We have provided 164 patients with clot busting thrombolysis treatment for ischaemic strokes (which is 52% of ischaemic stroke patients presenting within the 4.5 hour treatment window – double the national average). We’re providing this about 40 mins faster than the average metropolitan Melbourne hospital and up to an hour faster when compared with the Australian average treatment time.

In stroke “time is brain”, meaning that for each minute stroke treatment is delayed, brain cells are dying at a rate of approximately 1.9 million neurons per minute, therefore that 40 minutes we save compared to other Melbourne hospitals, saves approximately 76 million brain cells, or the equivalent of about 2.5 years of normal brain ageing.

We have referred more than 130 with ischaemic strokes caused by very large blood clots in the brain to specialist Melbourne hospitals capable of performing clot retrieval. Due to the MSU diagnosing these patients in the community, they receive this life-changing treatment on average 50 mins faster than if they had been attended by a normal ambulance. The MSU has bypassed the patient’s closest stroke hospitals for these specialist centres on 92 occasions, saving an extra 1-2 hours per patient by negating the need for an inter-hospital transfer.

Tell us the most exciting or satisfying moment you’ve had while out on the road.

I have two patients that have stayed with me. One is a lady who had her stroke on the 2nd floor of her house. Until recently, thrombolysis treatment could only be given within 4.5 hours from the start of the stroke (now it can be given up to nine hours, but only for selected patients), and at the time we arrived, it had already been four hours since her stroke had started. This meant we only had 30 mins to move her out of the house, into the MSU, get the scan done, draw up and administer treatment. She had had a catastrophic stroke and was completely paralysed, so she wasn’t able to help us move her. We walked in, took one look at her and said to all the paramedics, that the priority was getting this lady down the stairs and out of the house. You can imagine how challenging stairs can be with a paralysed patient! Well, the team pulled together incredibly, all recognising the importance of time in this case, and we were able to treat her with only a couple of minutes to spare. Without all the ambulance and MSU crews working together, supported by the patient’s family, we would not have been able to achieve this, and the patient’s outcome would have been dire.

The second patient was also having a severe stroke. He was located outside our normal area, but the first responding crew called for us as they recognised his severe symptoms. We arrived just as they were wheeling him out of the house on the stretcher, so we literally pulled up, opened the doors, dropped our stablising jacks and loaded the patient straight in. We treated this patient 30 mins after we pulled into his street and took him for clot retrieval. We could see the signs of his improvement on our way to hospital, and within hours he was awake, talking, and was no longer paralysed!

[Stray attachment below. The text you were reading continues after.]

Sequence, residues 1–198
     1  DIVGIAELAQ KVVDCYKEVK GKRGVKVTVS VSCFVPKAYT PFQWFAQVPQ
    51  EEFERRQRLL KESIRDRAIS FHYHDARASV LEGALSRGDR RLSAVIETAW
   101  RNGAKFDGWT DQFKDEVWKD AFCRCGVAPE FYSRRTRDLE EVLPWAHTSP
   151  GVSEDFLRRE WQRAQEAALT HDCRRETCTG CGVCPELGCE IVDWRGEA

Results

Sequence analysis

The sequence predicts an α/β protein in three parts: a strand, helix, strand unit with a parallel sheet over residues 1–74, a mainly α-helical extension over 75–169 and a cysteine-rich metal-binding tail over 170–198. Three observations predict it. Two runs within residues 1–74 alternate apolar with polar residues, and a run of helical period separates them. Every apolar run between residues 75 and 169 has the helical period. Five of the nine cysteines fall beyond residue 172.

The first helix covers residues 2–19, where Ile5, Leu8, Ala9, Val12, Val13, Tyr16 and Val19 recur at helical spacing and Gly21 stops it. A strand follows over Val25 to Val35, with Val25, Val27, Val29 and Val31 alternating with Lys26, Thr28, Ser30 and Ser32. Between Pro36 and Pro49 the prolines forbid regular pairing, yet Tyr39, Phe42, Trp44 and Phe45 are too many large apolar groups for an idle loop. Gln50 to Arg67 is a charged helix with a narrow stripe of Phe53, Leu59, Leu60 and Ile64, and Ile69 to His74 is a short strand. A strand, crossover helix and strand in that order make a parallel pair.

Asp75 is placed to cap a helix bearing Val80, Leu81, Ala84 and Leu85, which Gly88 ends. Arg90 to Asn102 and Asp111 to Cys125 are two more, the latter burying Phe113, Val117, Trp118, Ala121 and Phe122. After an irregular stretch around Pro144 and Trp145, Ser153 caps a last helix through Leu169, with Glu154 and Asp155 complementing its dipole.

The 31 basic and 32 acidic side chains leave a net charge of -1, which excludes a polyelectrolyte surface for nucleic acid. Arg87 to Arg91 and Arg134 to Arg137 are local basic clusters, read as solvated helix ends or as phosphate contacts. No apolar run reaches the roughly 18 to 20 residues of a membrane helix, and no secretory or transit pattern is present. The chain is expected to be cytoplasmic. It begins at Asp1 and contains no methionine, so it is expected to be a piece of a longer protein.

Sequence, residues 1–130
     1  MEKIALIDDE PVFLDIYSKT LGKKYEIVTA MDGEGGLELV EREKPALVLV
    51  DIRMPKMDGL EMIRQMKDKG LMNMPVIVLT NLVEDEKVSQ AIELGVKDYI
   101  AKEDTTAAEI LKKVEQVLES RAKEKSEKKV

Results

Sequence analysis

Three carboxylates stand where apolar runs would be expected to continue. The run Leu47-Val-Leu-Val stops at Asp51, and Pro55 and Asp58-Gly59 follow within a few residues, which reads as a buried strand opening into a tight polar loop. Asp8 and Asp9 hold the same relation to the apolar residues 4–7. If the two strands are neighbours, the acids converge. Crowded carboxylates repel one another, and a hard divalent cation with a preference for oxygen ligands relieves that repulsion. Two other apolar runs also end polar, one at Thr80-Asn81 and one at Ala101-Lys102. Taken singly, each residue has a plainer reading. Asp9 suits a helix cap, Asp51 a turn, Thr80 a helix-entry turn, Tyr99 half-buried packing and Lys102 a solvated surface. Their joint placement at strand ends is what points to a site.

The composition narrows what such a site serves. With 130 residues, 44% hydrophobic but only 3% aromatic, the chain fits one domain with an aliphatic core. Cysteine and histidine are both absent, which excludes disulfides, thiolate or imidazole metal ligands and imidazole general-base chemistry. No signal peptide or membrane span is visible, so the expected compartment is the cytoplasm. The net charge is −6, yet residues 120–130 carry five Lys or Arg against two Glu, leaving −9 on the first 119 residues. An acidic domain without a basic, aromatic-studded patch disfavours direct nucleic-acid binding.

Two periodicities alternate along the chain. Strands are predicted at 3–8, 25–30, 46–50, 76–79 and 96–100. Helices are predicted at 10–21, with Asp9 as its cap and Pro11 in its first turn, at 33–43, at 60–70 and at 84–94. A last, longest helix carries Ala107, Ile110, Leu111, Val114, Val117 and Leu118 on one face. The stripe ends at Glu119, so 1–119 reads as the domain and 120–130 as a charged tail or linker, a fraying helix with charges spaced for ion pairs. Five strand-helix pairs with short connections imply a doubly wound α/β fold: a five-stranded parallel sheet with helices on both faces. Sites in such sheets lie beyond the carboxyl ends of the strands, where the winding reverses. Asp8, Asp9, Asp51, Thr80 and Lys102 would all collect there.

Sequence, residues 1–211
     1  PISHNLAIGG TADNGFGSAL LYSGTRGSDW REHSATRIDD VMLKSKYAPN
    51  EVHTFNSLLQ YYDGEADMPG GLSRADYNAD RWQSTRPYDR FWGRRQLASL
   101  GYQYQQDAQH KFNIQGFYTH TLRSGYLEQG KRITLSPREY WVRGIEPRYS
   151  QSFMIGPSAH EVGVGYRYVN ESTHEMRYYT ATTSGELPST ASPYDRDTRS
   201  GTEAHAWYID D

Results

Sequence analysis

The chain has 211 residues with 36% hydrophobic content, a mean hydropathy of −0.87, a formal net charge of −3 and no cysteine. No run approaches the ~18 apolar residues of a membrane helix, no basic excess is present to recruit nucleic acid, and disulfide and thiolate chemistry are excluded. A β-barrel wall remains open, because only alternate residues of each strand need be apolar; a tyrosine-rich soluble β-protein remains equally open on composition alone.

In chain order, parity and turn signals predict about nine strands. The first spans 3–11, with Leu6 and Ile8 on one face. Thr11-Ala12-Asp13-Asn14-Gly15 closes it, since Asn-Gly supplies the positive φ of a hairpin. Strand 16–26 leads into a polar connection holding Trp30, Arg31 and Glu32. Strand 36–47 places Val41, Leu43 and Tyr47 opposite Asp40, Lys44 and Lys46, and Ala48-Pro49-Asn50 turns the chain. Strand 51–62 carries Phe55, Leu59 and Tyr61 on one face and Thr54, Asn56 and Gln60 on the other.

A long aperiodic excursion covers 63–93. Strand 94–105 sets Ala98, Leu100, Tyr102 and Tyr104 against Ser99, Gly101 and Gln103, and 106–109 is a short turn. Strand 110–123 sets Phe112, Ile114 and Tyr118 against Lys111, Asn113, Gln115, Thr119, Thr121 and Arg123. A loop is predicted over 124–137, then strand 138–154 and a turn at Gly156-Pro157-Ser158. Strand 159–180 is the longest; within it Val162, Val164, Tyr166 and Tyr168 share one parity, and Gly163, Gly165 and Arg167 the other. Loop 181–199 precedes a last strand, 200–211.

A new mobile stroke unit is destined to hit the streets of Sydney. Are you involved at all?

It is incredibly exciting to see MSUs expanding into other states and cities. Alongside the rest of the Melbourne MSU team, I have spoken to key members of the Sydney team, sharing our successes, advice and key learnings. As they get closer, I would see my role as mentoring and supporting the Sydney MSU nurses.

When we started working on the Melbourne MSU, one of the hardest aspects was having to learn everything as we went. Australia has a very different health care environment to the USA and Europe where most of the other MSUs are located, and while international colleagues offered advice and guidance, we really had to learn on the job. I would love to see Sydney benefit from our insights, both positive and negative. I think having the team come down to Melbourne and work on our MSU to gain experience would be invaluable for them. I would also love to be able to head up there and work with them in their first few days, offering on-board help and support as they learn the ropes of pre-hospital stroke care.

Skye Coote

What’s it like being a stroke nursing specialist and do you have any advice for nurses considering this as a career option?

This is such a rewarding career and I feel so very privileged to be able to care for patients when they are at their most vulnerable. From a medical perspective, stroke is a fascinating area to work in right now. We have amazing leaders in stroke, across all professions (medical, nursing, paramedicine and allied health) undertaking first-class research and clinical trials. We are all determined to better understand this disease and improve our care for our patients, offering them the best chance of recovery. It was not long ago, that there was simply no care available. Nurses coming into stroke have the ability to be on the cutting-edge of ground-breaking new treatments which could revolutionise the way we care for our patients.

What advice would you give your younger self?

Oh dear, so much. Don’t sweat the small stuff, trust your gut, and in the words of Elsa “Let it go”. I would also say, get on with your academic qualifications earlier, you really did have the time!

Lastly, enjoy every moment, it’s corny, but take pleasure in the little things, enjoy the sunshine on your face, the smell of the flowers in spring and rain in the winter. Tell your loved ones how much you love them every single day, because they are the most precious things in your life; what I wouldn’t give to hug my mum one more time and tell her I love her.

Find out more about the way we’re taking urgent stroke care to patients – via road and air.